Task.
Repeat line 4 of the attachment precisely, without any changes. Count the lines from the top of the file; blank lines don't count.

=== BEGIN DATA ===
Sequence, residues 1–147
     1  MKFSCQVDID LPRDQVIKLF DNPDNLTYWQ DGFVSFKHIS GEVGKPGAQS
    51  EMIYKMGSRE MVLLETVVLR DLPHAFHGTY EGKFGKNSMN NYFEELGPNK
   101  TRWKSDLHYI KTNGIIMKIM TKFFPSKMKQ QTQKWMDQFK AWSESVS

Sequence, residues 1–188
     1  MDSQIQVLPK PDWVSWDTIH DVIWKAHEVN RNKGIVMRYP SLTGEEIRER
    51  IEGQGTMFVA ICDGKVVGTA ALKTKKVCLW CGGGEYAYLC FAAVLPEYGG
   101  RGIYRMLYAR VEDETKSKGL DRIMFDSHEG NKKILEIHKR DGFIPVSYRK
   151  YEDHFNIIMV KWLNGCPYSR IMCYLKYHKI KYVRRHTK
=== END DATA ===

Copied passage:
   101  TRWKSDLHYI KTNGIIMKIM TKFFPSKMKQ QTQKWMDQFK AWSESVS